Wednesday, 17 April 2013

Endeavour: Girl - ITV review

If Broadchurch has, as I said in my last post, underlined the continuing appeal of the whodunit, then Endeavour does not only that but also highlights the seemingly endless potential of Inspector Morse spin-offs. I enjoyed the pilot episode when it was screened, and the first episode of the first full series, Girl, was a high quality murder mystery.

A great deal of credit has to go to Russell Lewis, the writer, who has taken the essence of the original series,and the character as played by John Thaw, and given us a very appealing prequel set in the sixties. The plot of Girl was clever and the revelation of the culprit's identity took me completely by surprise. Pleasurable surprise, I must add. As I said yesterday, it is good to be fooled fairly, and I thought Russell Lewis paced the plot twists perfectly. There was even a neat little code which provided a crucial clue to that person's name. Colin Dexter would have been well pleased, I think.

The acting, too, is very good. Shaun Evans catches the young Morse's bolshie but vulnerable personality, and Roger Allam, as DI Thursday, is humane and believable. Some comic relief is offered by Anton Lesser's prissy disdain for the young cop. Sophie Stuckey, playng a suspect with epilepsy whom Morse fancies, handled the tricky role of the girl of the title very well.

Setting counts for a great deal in so many TV crime shows,and of course the Morse franchise has the inestimable advantage of being set in one of the most photogenic of cities. I wonder sometimes if people who are less keen on Oxford than I am may get bored with the endless flow of cop shows set there, but all the signs are that demand for those shows is as strong as ever. Yes, the broadcasters are playing it safe, and that's why a less conventional series like Broadchurch is so welcome. But if subsequent screenplays are as sharp as this one was, there is a good chance that Endeavour will run and run.

12 comments:

Elizabeth Spann Craig/Riley Adams said...

I've seen the pilot for this show and really enjoyed it and the different perspective it gave of Morse. Glad the next in the series is just as good and looking forward to viewing it on our PBS station here. :)

Sarah said...

I thought the plot excellent too Martin and the acting was very good. I'm looking forward to seeing this series. I'm so hopeless with the TV that I forget when things are on. I hope to catch up with Broadchurch and the Arne Dahl series sometime.

Fiona said...

We enjoyed it very much. We hadn't seen Morse before the pilot for Endeavour was shown; we watched and enjoyed that and started catching up with Morse through DVDs. One day we might even start watching Lewis... :)

Margaret @ BooksPlease said...

I enjoyed Endeavour very much and hope for more to come. I'm not at all bored with cop shows in Oxford, but it is a most dangerous fictional place. I've noticed that the murder rate in the Lake District is getting dangerously high too :) and that's not boring either.

Broadchurch is also excellent.

Martin Edwards said...

Many thanks for these comments.
Sarah, I think you'll enjoy Broadchurch - I don't know anyone who hasn't liked it. Arne Dahl provokes slightly mixed reactions.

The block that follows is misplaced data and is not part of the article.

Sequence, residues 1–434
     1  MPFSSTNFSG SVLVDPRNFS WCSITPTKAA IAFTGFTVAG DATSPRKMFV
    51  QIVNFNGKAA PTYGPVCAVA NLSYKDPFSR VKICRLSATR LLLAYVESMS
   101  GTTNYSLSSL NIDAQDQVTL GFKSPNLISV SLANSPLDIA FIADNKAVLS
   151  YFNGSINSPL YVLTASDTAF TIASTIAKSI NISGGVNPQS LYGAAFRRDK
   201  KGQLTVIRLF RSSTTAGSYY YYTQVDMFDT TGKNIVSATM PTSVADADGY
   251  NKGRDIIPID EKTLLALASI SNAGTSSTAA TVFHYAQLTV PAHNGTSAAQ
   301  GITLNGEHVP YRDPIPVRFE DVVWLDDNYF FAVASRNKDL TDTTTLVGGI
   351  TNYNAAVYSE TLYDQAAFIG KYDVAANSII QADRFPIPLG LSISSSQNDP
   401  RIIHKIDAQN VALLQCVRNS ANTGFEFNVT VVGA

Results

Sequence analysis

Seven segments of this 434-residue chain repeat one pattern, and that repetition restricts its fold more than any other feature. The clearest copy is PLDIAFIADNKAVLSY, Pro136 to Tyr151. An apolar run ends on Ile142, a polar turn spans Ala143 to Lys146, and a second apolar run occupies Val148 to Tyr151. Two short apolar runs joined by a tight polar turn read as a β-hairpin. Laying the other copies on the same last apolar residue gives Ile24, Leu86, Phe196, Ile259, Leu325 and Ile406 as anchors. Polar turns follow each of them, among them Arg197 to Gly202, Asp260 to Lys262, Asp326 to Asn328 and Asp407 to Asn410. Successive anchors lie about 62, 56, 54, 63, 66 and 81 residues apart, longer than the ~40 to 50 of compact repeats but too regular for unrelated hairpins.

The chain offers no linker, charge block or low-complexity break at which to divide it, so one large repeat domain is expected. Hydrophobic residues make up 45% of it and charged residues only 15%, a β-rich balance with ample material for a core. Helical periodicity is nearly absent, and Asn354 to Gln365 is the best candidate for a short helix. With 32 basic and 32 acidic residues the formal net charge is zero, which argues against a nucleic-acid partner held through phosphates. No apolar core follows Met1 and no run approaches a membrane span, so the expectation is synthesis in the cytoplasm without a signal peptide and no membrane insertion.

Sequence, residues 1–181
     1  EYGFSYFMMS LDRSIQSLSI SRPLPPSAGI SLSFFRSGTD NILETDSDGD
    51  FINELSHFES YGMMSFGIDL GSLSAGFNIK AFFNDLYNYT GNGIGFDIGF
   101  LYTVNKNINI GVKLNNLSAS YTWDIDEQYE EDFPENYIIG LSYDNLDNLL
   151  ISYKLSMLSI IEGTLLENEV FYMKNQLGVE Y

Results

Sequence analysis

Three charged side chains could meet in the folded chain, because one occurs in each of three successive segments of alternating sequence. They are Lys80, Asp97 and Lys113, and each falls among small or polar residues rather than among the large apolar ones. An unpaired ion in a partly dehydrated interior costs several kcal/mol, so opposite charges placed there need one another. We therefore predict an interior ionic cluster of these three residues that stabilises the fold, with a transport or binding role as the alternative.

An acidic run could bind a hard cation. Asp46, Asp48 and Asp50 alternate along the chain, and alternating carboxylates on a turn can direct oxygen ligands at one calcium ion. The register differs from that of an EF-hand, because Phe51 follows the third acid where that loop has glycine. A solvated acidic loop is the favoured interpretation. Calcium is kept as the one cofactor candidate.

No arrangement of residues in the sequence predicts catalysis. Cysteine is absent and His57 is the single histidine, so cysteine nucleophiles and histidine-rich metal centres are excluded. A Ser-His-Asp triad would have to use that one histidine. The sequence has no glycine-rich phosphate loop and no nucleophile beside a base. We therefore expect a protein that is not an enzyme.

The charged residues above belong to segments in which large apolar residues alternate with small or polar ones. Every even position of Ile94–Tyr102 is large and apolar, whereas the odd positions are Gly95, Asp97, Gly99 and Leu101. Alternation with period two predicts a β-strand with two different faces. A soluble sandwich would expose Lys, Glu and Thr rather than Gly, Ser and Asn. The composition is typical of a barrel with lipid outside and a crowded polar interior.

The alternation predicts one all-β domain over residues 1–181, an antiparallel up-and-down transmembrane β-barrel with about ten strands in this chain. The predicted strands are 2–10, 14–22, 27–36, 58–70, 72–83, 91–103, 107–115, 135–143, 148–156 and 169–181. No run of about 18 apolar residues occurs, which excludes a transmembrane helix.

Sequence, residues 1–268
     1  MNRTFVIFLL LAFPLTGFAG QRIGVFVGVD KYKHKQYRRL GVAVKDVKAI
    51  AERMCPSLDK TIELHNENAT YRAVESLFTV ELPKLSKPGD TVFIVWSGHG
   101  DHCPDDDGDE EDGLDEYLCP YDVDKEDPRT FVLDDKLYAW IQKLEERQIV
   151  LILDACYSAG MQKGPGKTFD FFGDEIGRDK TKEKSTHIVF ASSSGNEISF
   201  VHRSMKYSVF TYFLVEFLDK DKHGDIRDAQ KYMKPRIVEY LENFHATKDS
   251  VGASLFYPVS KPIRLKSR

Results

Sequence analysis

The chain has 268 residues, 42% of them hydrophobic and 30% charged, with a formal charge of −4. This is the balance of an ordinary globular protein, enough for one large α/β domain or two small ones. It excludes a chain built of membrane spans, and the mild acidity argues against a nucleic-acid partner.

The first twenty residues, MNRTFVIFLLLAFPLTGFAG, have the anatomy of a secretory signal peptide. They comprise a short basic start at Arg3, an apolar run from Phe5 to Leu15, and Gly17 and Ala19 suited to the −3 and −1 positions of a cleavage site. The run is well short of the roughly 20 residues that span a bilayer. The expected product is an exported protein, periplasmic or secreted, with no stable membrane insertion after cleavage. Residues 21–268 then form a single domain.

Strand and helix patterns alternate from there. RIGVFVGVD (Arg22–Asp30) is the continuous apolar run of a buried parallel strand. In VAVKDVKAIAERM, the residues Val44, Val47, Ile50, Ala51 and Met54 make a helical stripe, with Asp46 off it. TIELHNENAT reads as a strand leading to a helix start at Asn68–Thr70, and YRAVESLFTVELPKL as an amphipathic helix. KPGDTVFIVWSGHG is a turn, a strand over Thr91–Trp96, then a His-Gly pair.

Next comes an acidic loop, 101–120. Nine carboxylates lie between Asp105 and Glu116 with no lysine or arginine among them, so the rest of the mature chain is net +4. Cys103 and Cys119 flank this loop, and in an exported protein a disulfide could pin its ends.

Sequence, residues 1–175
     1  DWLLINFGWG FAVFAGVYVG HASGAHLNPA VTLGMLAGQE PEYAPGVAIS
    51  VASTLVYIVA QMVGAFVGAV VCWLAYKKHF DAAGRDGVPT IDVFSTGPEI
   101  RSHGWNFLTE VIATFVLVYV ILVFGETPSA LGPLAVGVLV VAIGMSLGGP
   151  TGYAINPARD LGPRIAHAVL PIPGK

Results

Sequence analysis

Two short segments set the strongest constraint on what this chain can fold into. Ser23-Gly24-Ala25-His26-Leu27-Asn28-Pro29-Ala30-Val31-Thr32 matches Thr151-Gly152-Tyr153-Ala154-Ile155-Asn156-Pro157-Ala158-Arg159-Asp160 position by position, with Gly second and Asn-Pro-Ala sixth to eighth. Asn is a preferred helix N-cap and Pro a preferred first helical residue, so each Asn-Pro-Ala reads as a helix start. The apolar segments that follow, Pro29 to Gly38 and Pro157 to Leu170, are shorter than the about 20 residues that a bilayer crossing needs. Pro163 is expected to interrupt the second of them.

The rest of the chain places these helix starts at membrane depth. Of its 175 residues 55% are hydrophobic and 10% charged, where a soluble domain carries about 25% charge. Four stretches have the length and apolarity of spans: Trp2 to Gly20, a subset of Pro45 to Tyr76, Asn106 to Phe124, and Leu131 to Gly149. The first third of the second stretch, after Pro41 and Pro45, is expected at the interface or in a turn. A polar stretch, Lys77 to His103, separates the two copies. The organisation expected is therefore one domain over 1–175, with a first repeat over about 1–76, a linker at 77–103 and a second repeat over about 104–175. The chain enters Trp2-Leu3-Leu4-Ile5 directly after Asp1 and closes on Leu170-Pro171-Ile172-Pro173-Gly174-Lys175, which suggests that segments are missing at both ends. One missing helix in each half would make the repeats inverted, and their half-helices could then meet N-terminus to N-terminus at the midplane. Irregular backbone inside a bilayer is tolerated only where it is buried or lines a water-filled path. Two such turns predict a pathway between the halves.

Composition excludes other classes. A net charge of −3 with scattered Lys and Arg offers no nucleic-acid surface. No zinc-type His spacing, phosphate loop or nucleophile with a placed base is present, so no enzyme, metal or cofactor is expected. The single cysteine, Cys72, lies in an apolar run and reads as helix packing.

Martin Edwards said...

Hi Margaret. Rest assured, I am far from bored with the Lakes!! I'm pleased I chose a setting with so much potential. By the way, I once set a short story in Oxford!

Margaret @ BooksPlease said...

I am glad! And the Lakes do cover a larger geographical area than Oxford (I think!)

Is your Oxford short story in your Short Story collection?

Martin Edwards said...

Yes, it's a historical and it's called 'The Mind of the Master'.

Anonymous said...

I thought Endeavour caught the period feel very well without shouting 'look how well we can do the past!' from the rooftops - one of the most irritating things about most period TV. Especially enjoyed the wonderful acting of the young actors playing pathologist Max (great body language. Very clever) and the later James Grout part ('hello matey'....when we heard this we, as a family cheered!) More please. Liz Gilbey

Martin Edwards said...

Hi Liz, good to hear from you as always. I enjoyed Fugue tonight, and you're right about the James Grout role. I did like him in the original shows.

Anonymous said...

Thank you, Martin. James Grout was always a favourite of mine. A wonderful actor. If you ever get the chance to see him in the Kinglsey Amis TV series The Old Devils, do. He plays the elderly love lorn central character, and is just wonderful in a very strong oldies cast which included Ray Smith in his last role, John Stride and Bernard Hepton.
Have just checked on the cast list, and Max is played by James Bradshaw, and Jim Strange by Sean Petty. Two young actors to watch. Fugue was magnificent TV - the series gets better and better, and should (hopefully) run and run. A special mention also for one of my favourite actors, Roger Allam as Fred Thursday. Roger was the original Javert in Les Miserables (trained as an opera singer before he became an actor) and was the best Duke I have ever seen in Measure For Measure. He also played the detective in the superb detective musical City Of Angels. I am becoming A theatre geek here, so shall now stop! Liz Gilbey

Martin Edwards said...

Hi Liz, I am really impressed with Allam as Fred Thursday. Like Hathaway, a very good original character to add to Dexter's great creations.